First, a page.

Two good things have happened this week. Secretary of Defense Caspar W. Weinberger announced a crackdown on free-spending defense contractors, and the Senate Budget Committee voted overwhelmingly to hold military expenditures well below the level sought by President Reagan. For the time being, we are forced to applaud with one hand.
Weinberger suspended about $35 million in Pentagon payments to General Dynamics Corp. while the Defense Department looks into possibly improper billings by the giant company, which is a major manufacturer of F-16 jet fighters, Trident submarines, Tomahawk cruise missiles, Army tanks and other weapons.
According to the Pentagon, General Dynamics billed the government for corporate trips, entertainment, advertising and other expenditures having nothing to do with the contracts involved. In testimony before a House subcommittee the firm denied deliberate overbilling, but the people who matter at the Pentagon were unpersuaded.
Weinberger, in addition to announcing the partial withholding of payments to General Dynamics, ordered a review of billing practices of all major defense contractors, and said that all contractors will henceforth be required to certify under penalty of perjury that their claims for reimbursement do not include political or entertainment expenditures not directly benefiting the government.
The crackdown should save the taxpayers a few bucks, and therefore is praiseworthy. However, it would be naive not to understand that Weinberger is fighting not just for honesty in defense contracting but also for an untouched military budget.
Even as Weinberger spoke Tuesday, the GOP-dominated Senate Budget Committee voted to freeze military spending in fiscal 1986 at current levels, adjusted for inflation, followed by 3% boosts after inflation in 1987 and 1988. The three-year savings would total $80 billion to $100 billion.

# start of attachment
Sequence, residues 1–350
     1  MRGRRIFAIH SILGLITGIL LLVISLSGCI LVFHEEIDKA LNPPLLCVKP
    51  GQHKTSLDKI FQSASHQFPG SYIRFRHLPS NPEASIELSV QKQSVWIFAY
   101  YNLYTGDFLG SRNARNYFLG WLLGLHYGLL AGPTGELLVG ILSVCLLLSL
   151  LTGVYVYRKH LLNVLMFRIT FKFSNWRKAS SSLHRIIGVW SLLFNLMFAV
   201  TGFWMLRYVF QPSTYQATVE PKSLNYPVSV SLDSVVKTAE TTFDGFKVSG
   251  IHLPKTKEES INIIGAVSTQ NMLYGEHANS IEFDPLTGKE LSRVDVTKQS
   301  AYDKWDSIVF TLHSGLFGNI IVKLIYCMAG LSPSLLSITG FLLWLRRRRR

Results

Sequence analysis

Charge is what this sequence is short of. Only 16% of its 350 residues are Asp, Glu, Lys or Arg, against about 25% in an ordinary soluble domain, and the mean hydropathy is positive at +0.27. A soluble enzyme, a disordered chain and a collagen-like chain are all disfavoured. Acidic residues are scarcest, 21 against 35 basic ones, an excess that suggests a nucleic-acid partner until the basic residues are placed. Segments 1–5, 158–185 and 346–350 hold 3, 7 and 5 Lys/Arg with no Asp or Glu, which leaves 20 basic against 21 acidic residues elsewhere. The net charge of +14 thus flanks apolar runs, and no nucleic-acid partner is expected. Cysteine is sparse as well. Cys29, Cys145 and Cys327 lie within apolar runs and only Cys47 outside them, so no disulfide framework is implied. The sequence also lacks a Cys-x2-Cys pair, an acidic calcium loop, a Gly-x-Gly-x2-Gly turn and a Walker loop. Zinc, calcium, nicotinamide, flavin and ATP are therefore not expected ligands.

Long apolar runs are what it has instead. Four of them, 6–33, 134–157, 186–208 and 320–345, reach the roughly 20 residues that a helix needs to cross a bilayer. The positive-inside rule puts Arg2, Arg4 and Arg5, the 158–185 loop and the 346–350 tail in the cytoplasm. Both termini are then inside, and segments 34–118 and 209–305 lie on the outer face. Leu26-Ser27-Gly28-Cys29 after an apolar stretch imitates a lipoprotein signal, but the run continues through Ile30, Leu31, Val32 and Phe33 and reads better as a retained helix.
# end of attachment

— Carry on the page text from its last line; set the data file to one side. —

Unfortunately, the ceiling voted by the Budget Committee is unlikely to prevail in the full Senate and House. Even if it does, the long-range effect will be negative unless Congress and the Administration can bring themselves to make the right sort of defense spending cuts.
Sen. Sam Nunn of Georgia, ranking Democrat on the Senate Armed Services Committee, observed recently that stretchouts of planned weapons production have accounted for about 70% of the defense budget reductions in the past four years. At best, stretchouts don't cut spending; they only postpone it. In practice the taxpayers end up paying more for fewer planes or tanks or missiles than originally planned.
The best way to achieve real savings in procurement is to eliminate the production of some weapon systems in order to have the wherewithal for the efficient production of others. Historically, however, Congress has been no more willing than the Pentagon to make these hard choices.
Bringing errant defense contractors to account is worthwhile by definition. But far more fundamental steps are required if the massive federal budget deficit is to be brought under control without injury to true national security.